Jensen Huang, CEO of Nvidia, has announced that the company will not be laying off any of its staff nor will they be asking them to accept pay cuts as a result of the COVID-19 pandemic. Instead, they are taking the opposite route and giving raises to all of its employees to provide additional financial security during the crisis. In a letter to employees, Jensen writes:
“In response to the falling economy, we announced that we are pulling in our annual review process. Immediately I received questions about whether we are also planning a layoff. NO — precisely the opposite. We are accelerating your raise to put some extra money in your hands. we can put tens of millions more dollars in the hands of our families in the coming months. There is no layoff. The work we do in graphics, science, AI, and robotics is more vital to the future than ever.”
While this very generous attitude is something that most would like to see from companies, not all organisations are in apposition to do the same. Smaller businesses such as SMEs cannot afford to take such measures. However, similar action on the part of those that can would help alleviate the tremendous financial pressure that the COVID-19 induced business stagnation has caused.
Nvidia is in a much better position to pull off such a move; especially since the sales of office equipment and computers have spiked since the epidemic began, as people bought hardware to enable them to work from home. Additionally, so much computing power is being dedicated to the study and analysis of this new coronavirus. While not all of this data will prove useful, the experience of pivoting so much computational power to the study of a single topic in such a short time certainly will.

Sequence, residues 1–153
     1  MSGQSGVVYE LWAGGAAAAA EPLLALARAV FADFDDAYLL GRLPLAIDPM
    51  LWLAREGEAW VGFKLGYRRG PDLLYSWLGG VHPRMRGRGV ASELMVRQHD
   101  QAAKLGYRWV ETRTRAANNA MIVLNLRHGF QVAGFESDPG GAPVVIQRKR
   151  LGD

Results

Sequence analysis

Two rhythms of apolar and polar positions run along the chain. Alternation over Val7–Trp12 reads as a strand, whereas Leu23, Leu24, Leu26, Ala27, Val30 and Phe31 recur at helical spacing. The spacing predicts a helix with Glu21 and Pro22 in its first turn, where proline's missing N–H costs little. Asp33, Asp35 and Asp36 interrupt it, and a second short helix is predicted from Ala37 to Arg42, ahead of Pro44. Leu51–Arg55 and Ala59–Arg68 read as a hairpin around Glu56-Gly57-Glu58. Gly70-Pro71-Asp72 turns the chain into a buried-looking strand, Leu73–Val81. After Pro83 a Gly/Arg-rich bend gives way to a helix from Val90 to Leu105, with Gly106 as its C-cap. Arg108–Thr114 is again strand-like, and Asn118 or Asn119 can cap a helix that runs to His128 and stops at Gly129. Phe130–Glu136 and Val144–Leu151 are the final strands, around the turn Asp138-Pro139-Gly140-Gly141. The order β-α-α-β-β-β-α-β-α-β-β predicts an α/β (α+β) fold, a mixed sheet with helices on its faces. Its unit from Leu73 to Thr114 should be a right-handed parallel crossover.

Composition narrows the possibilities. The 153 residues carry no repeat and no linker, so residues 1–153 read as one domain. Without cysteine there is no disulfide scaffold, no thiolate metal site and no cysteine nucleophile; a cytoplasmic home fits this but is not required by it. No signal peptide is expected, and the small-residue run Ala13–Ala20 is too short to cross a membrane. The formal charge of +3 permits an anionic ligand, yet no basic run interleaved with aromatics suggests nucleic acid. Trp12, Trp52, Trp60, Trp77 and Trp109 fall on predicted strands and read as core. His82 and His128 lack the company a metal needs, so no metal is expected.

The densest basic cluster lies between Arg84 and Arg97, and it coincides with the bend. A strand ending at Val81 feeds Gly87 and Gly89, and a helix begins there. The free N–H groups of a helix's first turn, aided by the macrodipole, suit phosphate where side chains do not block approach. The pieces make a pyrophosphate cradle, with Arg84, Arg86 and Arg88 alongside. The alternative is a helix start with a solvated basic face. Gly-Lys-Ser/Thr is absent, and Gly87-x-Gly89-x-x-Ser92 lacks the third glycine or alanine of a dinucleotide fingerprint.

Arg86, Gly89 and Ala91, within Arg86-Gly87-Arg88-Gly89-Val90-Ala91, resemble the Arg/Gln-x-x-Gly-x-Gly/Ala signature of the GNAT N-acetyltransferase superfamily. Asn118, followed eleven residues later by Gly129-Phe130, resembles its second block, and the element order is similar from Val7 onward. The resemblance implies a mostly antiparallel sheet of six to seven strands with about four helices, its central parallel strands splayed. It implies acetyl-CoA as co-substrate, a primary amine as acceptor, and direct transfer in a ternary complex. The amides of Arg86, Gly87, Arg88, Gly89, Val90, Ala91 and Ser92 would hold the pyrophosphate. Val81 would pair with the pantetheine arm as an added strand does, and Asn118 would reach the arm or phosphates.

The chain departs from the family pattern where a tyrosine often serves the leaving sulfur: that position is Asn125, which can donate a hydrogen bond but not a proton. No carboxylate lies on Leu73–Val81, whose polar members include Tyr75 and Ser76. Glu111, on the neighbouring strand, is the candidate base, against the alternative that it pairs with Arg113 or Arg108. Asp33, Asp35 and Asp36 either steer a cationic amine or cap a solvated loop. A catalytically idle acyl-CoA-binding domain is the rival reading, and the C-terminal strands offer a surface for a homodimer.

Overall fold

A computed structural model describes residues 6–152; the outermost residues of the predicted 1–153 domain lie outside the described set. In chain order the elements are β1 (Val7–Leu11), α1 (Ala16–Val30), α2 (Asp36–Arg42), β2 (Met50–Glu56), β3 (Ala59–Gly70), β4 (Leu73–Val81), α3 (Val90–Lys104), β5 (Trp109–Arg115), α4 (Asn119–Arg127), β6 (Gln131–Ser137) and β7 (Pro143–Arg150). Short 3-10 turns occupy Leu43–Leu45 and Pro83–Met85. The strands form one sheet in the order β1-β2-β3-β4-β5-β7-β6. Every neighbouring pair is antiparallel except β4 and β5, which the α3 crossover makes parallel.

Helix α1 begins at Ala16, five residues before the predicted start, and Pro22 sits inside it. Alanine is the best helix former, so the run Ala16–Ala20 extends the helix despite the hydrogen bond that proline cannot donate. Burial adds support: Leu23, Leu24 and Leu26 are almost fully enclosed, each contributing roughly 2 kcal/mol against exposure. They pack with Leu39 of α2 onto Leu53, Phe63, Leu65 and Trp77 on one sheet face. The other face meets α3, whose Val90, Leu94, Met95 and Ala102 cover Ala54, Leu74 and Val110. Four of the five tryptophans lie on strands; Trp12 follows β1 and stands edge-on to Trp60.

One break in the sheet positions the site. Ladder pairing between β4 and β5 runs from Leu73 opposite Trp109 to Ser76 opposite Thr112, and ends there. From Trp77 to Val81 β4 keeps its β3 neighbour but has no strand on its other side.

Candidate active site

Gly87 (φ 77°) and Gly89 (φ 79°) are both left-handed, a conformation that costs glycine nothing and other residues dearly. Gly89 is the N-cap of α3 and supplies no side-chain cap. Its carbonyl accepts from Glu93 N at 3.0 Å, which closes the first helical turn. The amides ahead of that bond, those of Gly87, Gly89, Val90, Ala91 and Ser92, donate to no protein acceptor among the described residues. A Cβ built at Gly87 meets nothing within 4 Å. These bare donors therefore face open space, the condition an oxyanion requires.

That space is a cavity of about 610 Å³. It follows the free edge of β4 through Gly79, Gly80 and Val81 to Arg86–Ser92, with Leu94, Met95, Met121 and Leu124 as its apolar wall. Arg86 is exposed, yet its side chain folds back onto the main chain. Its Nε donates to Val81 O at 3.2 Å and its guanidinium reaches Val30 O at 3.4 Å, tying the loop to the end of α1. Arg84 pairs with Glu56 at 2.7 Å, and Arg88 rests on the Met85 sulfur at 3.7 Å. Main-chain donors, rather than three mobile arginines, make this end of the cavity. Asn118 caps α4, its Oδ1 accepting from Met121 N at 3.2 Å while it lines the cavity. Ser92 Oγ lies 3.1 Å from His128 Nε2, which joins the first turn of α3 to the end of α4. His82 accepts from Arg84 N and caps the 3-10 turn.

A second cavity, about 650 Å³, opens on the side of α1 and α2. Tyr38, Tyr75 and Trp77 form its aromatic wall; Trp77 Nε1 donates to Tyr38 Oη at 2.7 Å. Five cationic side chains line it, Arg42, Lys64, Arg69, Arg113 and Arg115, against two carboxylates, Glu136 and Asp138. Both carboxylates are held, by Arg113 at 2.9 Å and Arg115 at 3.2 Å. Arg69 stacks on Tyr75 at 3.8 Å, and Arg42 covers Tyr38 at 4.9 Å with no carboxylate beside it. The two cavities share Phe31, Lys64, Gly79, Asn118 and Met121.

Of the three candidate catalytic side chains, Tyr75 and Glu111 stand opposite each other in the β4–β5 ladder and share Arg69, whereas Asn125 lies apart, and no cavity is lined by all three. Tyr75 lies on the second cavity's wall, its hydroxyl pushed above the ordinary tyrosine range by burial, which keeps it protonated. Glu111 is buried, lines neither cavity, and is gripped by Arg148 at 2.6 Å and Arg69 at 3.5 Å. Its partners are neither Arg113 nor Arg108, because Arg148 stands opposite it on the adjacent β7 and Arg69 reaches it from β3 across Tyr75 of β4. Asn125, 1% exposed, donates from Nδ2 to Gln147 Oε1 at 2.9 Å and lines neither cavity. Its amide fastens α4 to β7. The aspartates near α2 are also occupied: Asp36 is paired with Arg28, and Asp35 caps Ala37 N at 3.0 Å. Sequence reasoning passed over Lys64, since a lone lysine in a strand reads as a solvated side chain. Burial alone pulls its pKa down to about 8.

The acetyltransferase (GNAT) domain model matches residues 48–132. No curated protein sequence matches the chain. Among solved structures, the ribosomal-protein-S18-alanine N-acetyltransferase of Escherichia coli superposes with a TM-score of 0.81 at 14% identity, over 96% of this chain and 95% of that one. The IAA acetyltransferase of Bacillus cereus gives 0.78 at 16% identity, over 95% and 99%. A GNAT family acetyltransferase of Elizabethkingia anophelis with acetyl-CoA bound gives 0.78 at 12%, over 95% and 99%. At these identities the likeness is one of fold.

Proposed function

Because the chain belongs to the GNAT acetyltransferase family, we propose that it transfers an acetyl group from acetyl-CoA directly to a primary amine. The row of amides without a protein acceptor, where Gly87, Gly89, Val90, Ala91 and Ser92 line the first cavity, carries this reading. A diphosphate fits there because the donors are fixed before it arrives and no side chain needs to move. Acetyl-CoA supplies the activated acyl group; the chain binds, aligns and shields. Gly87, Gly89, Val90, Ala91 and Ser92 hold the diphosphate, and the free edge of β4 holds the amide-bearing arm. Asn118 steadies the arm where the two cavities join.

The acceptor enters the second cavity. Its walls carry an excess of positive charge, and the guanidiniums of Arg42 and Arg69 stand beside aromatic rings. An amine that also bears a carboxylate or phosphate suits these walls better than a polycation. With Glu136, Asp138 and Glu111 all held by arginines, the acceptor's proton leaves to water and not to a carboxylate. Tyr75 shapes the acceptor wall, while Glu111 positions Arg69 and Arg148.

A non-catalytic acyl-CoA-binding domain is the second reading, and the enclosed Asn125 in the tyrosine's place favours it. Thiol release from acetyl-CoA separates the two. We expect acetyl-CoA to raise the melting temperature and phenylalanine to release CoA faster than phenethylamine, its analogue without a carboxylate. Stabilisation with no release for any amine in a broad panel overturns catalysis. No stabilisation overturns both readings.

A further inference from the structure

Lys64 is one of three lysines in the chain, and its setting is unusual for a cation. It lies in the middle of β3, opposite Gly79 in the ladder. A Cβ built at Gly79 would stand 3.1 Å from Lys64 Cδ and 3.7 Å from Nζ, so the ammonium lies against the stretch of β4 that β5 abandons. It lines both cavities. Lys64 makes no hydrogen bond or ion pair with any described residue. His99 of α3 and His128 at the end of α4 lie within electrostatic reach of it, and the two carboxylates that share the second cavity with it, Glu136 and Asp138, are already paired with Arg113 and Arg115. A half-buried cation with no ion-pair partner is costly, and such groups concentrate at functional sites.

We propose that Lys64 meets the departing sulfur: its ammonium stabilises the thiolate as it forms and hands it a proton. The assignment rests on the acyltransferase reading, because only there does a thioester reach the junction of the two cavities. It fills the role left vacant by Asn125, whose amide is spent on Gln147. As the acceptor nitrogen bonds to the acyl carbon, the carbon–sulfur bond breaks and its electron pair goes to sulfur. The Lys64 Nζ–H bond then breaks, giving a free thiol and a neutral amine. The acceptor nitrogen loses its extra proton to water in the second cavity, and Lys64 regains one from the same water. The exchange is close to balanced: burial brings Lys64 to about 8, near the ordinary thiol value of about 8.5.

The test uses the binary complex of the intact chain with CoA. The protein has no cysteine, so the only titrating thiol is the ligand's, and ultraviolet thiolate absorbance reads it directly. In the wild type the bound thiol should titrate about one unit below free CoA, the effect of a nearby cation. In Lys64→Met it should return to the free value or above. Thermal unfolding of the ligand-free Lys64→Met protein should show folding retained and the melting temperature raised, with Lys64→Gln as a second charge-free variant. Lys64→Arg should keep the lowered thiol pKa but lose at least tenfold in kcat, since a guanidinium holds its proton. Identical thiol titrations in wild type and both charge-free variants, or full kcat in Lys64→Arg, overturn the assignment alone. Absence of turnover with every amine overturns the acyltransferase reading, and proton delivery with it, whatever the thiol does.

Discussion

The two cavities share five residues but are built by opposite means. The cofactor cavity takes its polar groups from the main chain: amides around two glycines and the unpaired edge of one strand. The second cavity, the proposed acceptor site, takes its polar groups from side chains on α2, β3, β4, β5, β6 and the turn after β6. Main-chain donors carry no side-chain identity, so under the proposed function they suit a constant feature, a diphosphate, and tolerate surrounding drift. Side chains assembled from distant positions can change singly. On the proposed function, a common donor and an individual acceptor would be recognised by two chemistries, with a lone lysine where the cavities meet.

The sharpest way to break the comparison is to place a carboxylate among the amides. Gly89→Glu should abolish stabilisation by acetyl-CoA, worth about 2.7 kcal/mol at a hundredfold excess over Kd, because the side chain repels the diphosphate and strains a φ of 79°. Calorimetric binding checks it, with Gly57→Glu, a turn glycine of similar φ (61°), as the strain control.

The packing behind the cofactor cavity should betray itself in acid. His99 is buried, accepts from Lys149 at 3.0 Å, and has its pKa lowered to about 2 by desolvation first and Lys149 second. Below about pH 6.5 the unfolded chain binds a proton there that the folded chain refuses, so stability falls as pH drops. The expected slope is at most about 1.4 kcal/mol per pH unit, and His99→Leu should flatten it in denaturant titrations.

Nvidia’s attitude towards the crisis is one which more companies need to adopt, although it is understandable if organisations cannot do so on the basis of cost and scale. The COVID-19 pandemic is truly an unprecedented event. Never before has the modern, globally connected world ever dealt with a pandemic so severe that it has caused nations to shut down parts of their economies en masse.
There are no “precedented” situations to refer back to. The 1918-1919 Spanish flu pandemic is a useful touchstone with some important and still-relevant lessons, but the amount of global trade in 1919 was a fraction of today’s, and modern supply chains flow across international borders in ways that have no historical comparison.
These unprecedented times call for unprecedented measures, such as Nvidia’s stance on the situation. Otherwise, companies will need to come up with other unique ways to deal with the crisis, ensure business continuity, and help workers remain employed.